I looked out my window at the right engine to see if that was the one that had the problem, but I couldn't see anything wrong. I saw a number of passengers looking out the windows on the left side, so I got up and moved to where I could see the left engine. There was a hole the size of a baseball on the top side facing the windows, just in front of the wing, with the skin of the engine cowling peeled back like an orange, and there was a black scorch mark on the nearest window. I suddenly realized what must have happened: a turbofan blade had broken (that was the first bang I'd heard), ricocheted around inside the cowling for a few seconds (the sound of rattling and thumping), and finally punched through the cowling and caromed off the window (the final bang). As I was taking this in, the aircraft pilot, who apparently couldn't see the engine, came on the intercom and said, "Well, folks, we have some maintenance technicians here, and they're going to check out the engine. With any luck we'll be underway again in about 45 minutes." After a second of silence, we all burst out laughing, saying, "Not on this plane, we're not!"
I continued to fly after that, but my confidence was gone, and soon my fear began to do funny things to my thought process. It became clear to me that there was nothing but air between the plane and the ground, and I no longer believed that things like thrust and wingspan were going to keep the plane aloft. In addition, I became terrified during takeoff: I was sure the plane was going to ascend too steeply and flip over backwards. I knew that was crazy, but I couldn't shake the fear, and spent the ascent leaning as far forward in my seat as I could, trying to balance the plane. I was no longer a happy flier.
Reason Two: Inconvenience
Along with every other passenger in the U.S., I've been subjected since 9/11 to the inconveniences created at airports by the federal government, whose desire to keep us safe is only marginally greater than their desire to protect the feelings of potential terrorists. Repeated inspections of tickets and identification cards, long lines, removing shoes before you step through the metral detectors, getting pulled from the line randomly for extra attention for no discernible reason, watching elderly people in wheetchairs being humiliated--we've accepted that this is the new reality of commercial flying. Gone are the days when passengers were treated like valued customers rather than possible terrorists, when you could arrive a scant hour before your flight and walk up to the gate as passengers were beginning to board. Gone is our privacy, as we open our suitcases after the flight to find polite notes informing us that our belongings were rummaged through by security employees.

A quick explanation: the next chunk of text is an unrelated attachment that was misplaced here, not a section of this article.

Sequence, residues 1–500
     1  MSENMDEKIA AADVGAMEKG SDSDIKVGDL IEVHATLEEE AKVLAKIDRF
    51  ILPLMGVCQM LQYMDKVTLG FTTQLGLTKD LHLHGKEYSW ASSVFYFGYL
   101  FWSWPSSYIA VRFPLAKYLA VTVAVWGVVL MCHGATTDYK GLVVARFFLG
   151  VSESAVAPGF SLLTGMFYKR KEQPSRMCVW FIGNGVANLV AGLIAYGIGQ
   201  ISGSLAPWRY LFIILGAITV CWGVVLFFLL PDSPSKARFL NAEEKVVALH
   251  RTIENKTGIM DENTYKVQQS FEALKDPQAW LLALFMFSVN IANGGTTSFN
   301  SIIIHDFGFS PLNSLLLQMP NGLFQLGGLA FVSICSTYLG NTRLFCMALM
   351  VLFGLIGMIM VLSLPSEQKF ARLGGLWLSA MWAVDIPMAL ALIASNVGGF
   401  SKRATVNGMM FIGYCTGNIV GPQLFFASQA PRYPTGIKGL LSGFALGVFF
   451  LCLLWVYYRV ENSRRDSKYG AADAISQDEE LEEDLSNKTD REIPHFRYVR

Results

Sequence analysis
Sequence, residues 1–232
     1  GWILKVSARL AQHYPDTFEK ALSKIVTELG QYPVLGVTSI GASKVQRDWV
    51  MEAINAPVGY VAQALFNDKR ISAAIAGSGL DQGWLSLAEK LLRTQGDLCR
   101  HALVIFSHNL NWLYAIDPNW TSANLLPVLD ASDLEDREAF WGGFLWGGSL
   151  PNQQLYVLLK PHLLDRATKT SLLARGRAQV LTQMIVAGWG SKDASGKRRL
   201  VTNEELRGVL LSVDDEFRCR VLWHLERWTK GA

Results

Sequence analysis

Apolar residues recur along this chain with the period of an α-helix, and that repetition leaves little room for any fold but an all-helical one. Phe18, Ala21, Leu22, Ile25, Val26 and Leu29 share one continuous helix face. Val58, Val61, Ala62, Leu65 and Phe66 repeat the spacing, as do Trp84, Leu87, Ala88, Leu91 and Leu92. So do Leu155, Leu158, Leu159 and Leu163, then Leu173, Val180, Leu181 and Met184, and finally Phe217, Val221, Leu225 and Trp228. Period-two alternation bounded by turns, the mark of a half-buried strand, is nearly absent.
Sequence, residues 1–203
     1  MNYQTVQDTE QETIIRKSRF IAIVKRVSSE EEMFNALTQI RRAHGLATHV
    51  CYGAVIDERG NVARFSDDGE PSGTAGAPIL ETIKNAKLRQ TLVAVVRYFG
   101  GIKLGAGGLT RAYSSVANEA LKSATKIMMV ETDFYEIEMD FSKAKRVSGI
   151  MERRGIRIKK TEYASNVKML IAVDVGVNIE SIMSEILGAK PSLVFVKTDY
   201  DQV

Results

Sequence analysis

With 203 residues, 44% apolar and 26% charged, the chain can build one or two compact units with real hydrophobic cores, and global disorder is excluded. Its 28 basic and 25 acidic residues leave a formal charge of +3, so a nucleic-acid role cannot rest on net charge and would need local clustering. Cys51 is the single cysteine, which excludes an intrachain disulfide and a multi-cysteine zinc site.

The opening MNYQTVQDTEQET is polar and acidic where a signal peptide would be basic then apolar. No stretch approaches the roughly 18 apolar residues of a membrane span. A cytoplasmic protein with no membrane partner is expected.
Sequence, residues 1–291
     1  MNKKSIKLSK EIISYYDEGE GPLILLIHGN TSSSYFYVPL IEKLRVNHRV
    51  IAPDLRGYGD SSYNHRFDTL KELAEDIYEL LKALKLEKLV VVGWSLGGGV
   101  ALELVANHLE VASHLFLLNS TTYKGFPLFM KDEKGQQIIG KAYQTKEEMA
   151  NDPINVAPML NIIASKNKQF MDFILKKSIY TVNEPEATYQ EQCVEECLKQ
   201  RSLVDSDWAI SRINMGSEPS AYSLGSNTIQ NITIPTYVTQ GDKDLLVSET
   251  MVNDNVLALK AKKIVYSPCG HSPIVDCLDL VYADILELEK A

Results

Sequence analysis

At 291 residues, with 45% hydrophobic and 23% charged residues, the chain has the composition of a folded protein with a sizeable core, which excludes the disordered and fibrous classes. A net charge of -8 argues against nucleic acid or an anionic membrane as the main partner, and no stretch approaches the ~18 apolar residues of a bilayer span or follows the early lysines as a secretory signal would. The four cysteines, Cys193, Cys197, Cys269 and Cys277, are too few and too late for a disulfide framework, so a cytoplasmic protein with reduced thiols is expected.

What I object to most is that this extremely expensive, intrusive, and time-consuming process is visited on all of us, with complete disregard for whether there is any actual possibility that we could be terrorists. Our government, with its passion for politcal correctness and its fear of offending anyone who could successfully sue for discrimination, declines to do the profiling that would increase the likelihood of spotting potential terrorists and reduce the increasingly onerous security inspections for the rest of us. If Israel, the #1 target of terrorists around the world, believes profiling to be the most effective way to keep terrorists off Israeli airliners, that's good enough for me. Israelis are deadly serious about finding terrorists, and couldn't care less whose feelings they hurt. That's why it's been a long time since any terrorists have managed to board an Israeli airliner.
Reason Three: It's Just Not Fun Anymore
My third reason for deciding not to fly is that it's not fun anymore. There's nothing to like about it. The security process, the tiny seats and narrow aisles, the stuffy cabin air, the occasional screaming baby, the delayed takeoffs and arrivals, the constantly increasing baggage fees, the difficulty of consuming (never mind enjoying) your beverage and 1/2-ounce package of some salty, nut-free mix without bumping your neighbor or encountering turbulence--what's to like?
For me, the tipping point came when I was pulled from the line last Christmas in front of my young niece and nephew, directed into a clear, plexiglass booth, and then subjected to a "pat down" in front of hundreds of strangers. This, I have since deduced, was done because as a modest, middle-aged woman I don't wear tight clothing and could have been hiding tiny weapons or explosives underneath my dress. As I felt the female TSA agent run her vinyl-gloved hands up my thighs and--sure enough--between them, I suddenly thought, "You know, I've just about had it with this."
May the Road Rise Up to Meet Me
I have since given up the alleged joys of flying, and I find that the longer time it takes to drive is more than compensated for by my ability to take anything I want, avoid embarrassing and intrusive security procedures, and control my environment and schedule. It won't work for everyone, I realize, but it works for me.
And I feel completely confident that no matter how steep the ascent, my car will never flip over backwards.